This novel is Le Carre’s farewell to the cold war. It’s a well-written anti-spy story with a unique plot.  It also is one of the best spy movies ever made.

It centres on a book publisher Barley Blair (played in the movie by Sean Connery) who is unknowingly given Soviet secrets stating that their nuclear arsenal is ineffective. That information falls into the hands of the British Secret Service who want to determine its truth. To that end, Blair is semi-trained as a spy and sent back to find out more. He ends up falling in love and plays the spies off against each other.

Yet Blair though an extraordinary character is not the reason I love and adore this book. It’s his handler, a spy called Ned (played by James Fox in the movie), a character who despite acting in the background dominates the story.

And its his relationship with Blair that fascinates me.  As a good operative, Ned  has done his research and is well-briefed about his agent.  But he doesn’t divulge what he knows. For Ned’s role is to ensure Blair gains his trust, tells him what he already knows and tell him what he needs to know.

Ned is first and foremost a listener.  To that end , Ned shows he has a open personality. His gift is to give away small secrets about himself so that others can share greater ones. His talent is so subtle that people tell him their truths without them ever knowing. And that’s exactly what happens with Blair.

Yet we only find out minor details from Ned about his life and background.  We never find out what Ned is really thinking until the end of the book. And then its too late!

Ned’s a man well versed in the art of listening. A man who knows the power of the quiet of silence.  Yet a man who knows how a few words can evoke many in return, enabling him to find out necessary and extra information. And that’s his talent. And his job.

If I were a spy I would have been like him.  Fortunately, I confine my lesser talents to stakeholder management and eliciting information from subject matter experts.  I do work in that same way : proffering small amounts of information to elicit greater knowledge while excluding unnecessary context as far as possible.  Tasks at which Ned would have been incredibly adept.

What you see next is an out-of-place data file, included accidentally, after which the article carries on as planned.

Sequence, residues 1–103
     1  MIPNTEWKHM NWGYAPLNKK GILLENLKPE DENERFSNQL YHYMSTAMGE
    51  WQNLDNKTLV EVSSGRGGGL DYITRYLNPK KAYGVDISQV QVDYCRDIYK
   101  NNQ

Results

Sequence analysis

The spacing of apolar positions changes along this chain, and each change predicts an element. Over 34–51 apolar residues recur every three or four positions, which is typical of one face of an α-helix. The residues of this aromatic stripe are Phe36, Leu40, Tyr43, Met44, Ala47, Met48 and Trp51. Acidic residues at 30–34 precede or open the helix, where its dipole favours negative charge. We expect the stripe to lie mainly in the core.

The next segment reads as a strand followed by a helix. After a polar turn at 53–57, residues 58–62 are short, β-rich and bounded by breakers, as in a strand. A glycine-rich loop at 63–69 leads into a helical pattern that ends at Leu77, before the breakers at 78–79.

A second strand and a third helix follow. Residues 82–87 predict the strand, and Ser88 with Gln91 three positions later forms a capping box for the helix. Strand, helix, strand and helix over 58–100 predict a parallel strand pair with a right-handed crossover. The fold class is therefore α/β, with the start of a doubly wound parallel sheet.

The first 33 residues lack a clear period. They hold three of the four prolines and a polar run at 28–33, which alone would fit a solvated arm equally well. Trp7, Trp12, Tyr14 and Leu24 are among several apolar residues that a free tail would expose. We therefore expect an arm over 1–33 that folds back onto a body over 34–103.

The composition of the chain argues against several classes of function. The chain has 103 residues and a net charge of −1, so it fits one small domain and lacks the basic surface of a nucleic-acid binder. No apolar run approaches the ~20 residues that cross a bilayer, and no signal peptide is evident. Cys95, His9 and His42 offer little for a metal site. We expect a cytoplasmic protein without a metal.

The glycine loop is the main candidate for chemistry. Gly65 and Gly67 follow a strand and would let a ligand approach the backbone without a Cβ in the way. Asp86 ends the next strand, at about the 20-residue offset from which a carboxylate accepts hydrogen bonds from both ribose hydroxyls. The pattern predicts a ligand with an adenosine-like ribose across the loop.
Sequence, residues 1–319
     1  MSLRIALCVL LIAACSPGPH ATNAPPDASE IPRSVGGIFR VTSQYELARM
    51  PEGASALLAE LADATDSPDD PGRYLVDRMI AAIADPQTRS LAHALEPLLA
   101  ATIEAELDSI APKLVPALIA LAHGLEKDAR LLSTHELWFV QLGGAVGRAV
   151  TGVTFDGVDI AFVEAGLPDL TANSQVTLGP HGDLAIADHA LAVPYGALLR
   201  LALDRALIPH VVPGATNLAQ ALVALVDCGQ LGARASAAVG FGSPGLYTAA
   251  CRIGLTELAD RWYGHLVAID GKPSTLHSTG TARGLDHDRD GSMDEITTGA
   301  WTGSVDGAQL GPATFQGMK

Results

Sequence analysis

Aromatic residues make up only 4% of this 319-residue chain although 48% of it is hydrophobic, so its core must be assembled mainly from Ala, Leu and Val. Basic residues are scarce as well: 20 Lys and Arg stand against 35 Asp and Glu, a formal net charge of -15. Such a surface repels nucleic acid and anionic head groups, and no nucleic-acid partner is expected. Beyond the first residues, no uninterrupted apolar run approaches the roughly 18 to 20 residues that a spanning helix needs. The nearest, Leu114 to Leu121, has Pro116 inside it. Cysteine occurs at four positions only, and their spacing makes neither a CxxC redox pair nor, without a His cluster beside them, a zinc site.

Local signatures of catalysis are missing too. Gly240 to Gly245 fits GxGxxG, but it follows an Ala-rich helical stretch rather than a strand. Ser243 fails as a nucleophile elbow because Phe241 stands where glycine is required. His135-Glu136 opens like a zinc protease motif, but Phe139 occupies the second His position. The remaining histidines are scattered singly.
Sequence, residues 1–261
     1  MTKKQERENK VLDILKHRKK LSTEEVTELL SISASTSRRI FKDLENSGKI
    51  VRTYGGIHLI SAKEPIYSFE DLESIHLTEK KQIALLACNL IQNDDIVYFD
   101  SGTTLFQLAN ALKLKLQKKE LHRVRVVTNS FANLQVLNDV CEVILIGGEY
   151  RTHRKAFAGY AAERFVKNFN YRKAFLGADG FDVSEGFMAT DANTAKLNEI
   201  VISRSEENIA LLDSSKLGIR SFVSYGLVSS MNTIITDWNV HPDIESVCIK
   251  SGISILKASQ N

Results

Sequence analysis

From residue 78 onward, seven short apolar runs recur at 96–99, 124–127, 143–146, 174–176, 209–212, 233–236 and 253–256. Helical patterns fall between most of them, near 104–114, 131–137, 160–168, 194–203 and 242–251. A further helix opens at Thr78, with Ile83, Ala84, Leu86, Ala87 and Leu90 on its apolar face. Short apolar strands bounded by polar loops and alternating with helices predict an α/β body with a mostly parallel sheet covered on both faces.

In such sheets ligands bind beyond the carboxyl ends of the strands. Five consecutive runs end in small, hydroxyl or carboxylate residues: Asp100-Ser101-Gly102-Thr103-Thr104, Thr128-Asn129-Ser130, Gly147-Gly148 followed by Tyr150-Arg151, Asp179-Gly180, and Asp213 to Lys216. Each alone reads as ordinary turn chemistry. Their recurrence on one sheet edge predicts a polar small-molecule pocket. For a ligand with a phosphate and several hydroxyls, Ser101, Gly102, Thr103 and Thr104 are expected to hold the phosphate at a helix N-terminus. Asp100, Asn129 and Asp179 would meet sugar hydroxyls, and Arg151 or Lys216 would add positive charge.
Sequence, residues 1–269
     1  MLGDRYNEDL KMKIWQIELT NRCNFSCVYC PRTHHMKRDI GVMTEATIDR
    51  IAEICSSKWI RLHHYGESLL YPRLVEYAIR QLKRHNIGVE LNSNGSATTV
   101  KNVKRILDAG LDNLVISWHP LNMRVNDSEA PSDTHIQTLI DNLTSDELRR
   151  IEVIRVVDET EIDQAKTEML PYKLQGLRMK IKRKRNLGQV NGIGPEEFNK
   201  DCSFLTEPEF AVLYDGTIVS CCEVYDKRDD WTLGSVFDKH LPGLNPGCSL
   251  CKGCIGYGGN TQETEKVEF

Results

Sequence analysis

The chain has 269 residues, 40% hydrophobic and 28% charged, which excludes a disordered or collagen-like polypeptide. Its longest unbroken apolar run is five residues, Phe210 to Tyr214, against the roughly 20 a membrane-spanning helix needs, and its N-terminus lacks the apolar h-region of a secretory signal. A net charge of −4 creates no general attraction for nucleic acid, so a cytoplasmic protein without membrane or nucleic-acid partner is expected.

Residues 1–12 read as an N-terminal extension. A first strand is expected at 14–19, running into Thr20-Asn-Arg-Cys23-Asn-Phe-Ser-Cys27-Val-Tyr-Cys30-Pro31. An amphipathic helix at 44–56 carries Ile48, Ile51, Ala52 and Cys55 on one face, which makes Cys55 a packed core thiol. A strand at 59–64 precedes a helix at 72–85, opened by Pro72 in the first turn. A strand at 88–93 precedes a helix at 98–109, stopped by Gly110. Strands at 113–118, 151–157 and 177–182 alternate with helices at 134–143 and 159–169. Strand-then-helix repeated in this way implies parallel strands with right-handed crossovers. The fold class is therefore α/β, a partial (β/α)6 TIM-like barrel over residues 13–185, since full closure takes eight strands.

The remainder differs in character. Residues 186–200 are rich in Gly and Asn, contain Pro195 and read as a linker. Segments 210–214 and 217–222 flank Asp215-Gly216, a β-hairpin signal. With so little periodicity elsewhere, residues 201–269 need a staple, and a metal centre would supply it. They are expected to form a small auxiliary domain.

Categories
Facilitation Stakeholder Management

Bunnies in a Basket : Facilitation Before Persuasion

Andrew James Whalan

Keeping Bunnies in a Basket by Annabel Crabb is still one of the funniest things I’ve ever read. And today things became more complicated with Glenn Lazarus resigning from the Palmer United Party.

Funnily enough, despite being political, I didn’t immediately think of politics. No, selfishly, I thought of myself.

You see, managing stakeholders is a required superpower for anyone who is a trainer, technical writer, instructional designer, change manager, community engagement manager, social media manager, and a myriad of other occupations including politics.

For me, stakeholders appear in three flavours. They are either subject matter experts, authorised approvers or both.

Subject matter experts usually are excellent to work with once they see how their contribution is relevant.

If they are an authorised approver, then even better.

It’s the latter category, when the authorised approvers are removed from the content, that the situation becomes much as Annabel Crabb has described.